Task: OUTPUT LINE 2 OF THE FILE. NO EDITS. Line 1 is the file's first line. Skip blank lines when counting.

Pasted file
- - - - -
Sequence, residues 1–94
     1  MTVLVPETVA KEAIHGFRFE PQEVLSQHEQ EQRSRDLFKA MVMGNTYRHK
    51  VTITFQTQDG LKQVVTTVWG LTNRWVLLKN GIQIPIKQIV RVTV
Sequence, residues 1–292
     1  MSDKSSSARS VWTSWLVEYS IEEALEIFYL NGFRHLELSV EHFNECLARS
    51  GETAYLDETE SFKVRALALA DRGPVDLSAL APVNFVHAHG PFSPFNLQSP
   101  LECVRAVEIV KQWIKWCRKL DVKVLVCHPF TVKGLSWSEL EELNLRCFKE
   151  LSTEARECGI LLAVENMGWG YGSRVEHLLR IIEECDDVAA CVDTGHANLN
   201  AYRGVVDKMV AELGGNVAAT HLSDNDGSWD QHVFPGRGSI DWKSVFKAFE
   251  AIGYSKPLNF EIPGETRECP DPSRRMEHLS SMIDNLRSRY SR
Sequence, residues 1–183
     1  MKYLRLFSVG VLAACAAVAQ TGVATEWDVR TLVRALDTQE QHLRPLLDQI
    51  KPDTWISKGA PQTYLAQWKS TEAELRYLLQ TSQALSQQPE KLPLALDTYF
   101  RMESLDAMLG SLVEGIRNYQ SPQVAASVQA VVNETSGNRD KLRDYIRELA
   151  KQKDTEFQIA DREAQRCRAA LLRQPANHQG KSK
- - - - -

     1  MTVLVPETVA KEAIHGFRFE PQEVLSQHEQ EQRSRDLFKA MVMGNTYRHK